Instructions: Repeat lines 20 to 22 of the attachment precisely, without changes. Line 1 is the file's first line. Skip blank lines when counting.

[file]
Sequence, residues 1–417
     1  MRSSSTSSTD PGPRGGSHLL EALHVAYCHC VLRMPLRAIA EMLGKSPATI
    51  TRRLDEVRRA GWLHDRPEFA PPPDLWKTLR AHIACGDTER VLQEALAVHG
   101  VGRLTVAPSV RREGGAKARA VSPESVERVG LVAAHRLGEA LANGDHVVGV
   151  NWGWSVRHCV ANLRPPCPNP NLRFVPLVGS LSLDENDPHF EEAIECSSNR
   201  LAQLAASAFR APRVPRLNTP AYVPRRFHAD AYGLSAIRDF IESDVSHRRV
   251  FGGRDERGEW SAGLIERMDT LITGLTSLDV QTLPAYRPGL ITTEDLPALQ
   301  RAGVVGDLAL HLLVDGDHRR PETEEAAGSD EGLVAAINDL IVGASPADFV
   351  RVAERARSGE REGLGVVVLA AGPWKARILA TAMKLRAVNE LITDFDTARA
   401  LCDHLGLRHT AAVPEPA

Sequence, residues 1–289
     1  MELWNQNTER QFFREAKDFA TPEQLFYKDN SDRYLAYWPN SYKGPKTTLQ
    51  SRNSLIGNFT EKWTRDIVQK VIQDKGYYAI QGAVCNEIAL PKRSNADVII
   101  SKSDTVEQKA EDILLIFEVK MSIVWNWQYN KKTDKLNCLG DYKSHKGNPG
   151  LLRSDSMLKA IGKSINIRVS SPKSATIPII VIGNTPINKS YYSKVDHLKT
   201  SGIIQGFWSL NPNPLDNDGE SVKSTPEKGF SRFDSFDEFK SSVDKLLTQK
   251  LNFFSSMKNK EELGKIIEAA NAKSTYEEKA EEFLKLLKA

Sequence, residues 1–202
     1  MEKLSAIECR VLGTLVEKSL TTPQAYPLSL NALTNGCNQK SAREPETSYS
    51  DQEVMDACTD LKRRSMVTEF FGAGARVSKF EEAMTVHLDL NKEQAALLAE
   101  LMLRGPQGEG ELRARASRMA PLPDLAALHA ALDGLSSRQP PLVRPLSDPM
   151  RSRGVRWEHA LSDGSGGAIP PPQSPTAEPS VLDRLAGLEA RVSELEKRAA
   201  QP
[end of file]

    51  DQEVMDACTD LKRRSMVTEF FGAGARVSKF EEAMTVHLDL NKEQAALLAE
   101  LMLRGPQGEG ELRARASRMA PLPDLAALHA ALDGLSSRQP PLVRPLSDPM
   151  RSRGVRWEHA LSDGSGGAIP PPQSPTAEPS VLDRLAGLEA RVSELEKRAA